If Cyr was not a senior executive, however, “then several aspects of his restrictive covenants could not be enforced,” including the noncompete clause, Gangemi said.

The FTC’s ban does not expressly prohibit clauses that bar the solicitation of employees or customers, but it does make clear “that if a non-solicitation clause functions as a noncompete, then the clause would be invalid,” he said.

Still, the FTC’s ruling does not mean employees can abscond with confidential information or trade secrets, but Gangemi believes the noncompete ban could make it significantly harder for employers to prevent it.

“The FTC ban disregards an employer’s difficulty in protecting its confidential information or trade secrets,” he said. “Under current law, noncompetes that exist for these purposes are perfectly legitimate as long as the employee was aware of the confidential information or trade secrets and could potentially use such information for the benefit of another employer.”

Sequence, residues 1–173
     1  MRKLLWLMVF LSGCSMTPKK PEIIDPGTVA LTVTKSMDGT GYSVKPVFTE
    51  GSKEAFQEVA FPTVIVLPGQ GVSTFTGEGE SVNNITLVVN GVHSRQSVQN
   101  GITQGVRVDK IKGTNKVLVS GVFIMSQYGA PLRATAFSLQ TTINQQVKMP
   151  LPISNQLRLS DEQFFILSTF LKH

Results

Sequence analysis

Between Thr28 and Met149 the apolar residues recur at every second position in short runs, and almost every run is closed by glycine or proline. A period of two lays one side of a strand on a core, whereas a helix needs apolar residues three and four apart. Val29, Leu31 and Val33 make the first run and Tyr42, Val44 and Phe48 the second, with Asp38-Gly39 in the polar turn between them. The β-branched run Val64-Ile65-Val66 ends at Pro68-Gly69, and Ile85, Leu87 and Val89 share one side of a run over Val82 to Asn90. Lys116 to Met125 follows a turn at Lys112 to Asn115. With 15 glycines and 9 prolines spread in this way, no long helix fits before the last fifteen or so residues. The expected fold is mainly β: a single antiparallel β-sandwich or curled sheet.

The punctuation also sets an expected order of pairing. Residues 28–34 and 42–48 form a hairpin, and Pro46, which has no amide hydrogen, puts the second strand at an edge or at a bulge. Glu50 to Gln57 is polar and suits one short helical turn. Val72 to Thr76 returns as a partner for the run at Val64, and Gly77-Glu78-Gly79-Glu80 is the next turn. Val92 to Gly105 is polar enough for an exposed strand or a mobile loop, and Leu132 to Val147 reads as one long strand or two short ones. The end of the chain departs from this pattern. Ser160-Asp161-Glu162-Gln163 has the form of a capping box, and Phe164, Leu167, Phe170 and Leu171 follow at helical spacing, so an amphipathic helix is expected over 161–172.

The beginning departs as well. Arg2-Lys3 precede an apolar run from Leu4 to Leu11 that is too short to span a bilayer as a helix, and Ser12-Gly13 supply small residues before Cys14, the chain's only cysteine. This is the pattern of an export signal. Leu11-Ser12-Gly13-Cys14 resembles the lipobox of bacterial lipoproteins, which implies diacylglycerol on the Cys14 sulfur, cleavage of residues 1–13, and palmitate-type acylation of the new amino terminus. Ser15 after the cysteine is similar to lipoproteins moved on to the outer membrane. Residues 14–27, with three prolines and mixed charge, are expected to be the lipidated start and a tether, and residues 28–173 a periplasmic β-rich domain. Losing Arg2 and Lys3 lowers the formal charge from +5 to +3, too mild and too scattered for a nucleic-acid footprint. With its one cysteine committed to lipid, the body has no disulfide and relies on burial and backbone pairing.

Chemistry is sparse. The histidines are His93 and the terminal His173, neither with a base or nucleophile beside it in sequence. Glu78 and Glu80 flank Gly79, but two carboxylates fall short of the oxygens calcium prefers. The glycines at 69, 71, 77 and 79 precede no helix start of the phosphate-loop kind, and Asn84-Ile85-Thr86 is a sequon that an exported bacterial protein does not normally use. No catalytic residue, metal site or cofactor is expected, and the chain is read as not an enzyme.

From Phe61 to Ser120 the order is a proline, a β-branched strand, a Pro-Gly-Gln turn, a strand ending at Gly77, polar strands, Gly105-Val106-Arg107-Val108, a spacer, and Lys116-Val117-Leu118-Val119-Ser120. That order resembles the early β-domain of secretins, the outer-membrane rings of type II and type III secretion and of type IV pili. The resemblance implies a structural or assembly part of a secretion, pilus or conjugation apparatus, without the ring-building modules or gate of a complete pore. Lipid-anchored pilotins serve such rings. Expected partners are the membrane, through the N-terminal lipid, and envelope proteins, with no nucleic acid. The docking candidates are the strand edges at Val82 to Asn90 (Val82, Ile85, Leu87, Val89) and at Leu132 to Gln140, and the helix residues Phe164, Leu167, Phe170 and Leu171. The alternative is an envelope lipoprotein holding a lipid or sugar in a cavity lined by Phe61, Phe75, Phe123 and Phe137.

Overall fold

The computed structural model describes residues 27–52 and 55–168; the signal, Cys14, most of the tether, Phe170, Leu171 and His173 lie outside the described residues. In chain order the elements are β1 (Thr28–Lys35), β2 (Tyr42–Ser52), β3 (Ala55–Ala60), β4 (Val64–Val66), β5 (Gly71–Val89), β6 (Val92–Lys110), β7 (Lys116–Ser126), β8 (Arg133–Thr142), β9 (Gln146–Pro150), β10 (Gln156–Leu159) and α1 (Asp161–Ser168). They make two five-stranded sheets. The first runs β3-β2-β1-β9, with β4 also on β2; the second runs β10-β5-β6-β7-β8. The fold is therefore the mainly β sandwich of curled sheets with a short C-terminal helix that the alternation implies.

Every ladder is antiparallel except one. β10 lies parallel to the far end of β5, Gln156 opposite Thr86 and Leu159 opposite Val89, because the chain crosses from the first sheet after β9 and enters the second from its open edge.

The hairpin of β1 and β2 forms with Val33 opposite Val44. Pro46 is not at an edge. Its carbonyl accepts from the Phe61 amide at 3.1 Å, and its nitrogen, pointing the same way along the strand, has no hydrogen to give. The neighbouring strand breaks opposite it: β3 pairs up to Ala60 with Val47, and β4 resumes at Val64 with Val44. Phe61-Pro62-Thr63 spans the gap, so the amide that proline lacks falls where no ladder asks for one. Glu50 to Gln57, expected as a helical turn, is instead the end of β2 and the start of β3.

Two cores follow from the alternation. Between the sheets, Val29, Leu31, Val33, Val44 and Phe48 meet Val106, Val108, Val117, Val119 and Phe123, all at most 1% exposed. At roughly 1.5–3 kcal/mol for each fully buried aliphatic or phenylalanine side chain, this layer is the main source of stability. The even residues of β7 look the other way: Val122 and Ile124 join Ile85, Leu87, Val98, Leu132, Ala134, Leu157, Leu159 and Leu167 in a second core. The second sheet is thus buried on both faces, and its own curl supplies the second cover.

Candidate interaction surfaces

Gangemi said the FTC’s ban will require employers to come up with different ways to prevent the theft of such information, “without outright prohibiting an employee from working for a subsequent employer.”

In other words, he said, “Employers would have to prove that a sharing of such information with a new employer actually occurred. This is not easy to do, and without initial proof that it has happened would likely make it more difficult for an employer to secure a temporary injunction.”

By the time an employer learned of a misappropriation, he added, “it might be too late to protect itself. You can’t unring a bell.”